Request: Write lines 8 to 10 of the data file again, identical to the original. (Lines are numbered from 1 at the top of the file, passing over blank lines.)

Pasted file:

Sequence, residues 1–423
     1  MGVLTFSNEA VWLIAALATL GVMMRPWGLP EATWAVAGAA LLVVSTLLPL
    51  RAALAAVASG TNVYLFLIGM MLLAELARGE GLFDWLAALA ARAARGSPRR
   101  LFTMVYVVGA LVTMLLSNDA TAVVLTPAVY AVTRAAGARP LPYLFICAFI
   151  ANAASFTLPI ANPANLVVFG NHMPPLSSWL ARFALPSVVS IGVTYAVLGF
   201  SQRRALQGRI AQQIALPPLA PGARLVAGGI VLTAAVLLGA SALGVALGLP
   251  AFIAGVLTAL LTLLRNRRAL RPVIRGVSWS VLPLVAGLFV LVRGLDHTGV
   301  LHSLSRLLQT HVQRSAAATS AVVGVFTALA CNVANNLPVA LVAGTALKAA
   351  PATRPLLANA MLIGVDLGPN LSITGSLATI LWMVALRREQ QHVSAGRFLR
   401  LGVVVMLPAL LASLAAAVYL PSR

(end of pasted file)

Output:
   301  LHSLSRLLQT HVQRSAAATS AVVGVFTALA CNVANNLPVA LVAGTALKAA
   351  PATRPLLANA MLIGVDLGPN LSITGSLATI LWMVALRREQ QHVSAGRFLR
   401  LGVVVMLPAL LASLAAAVYL PSR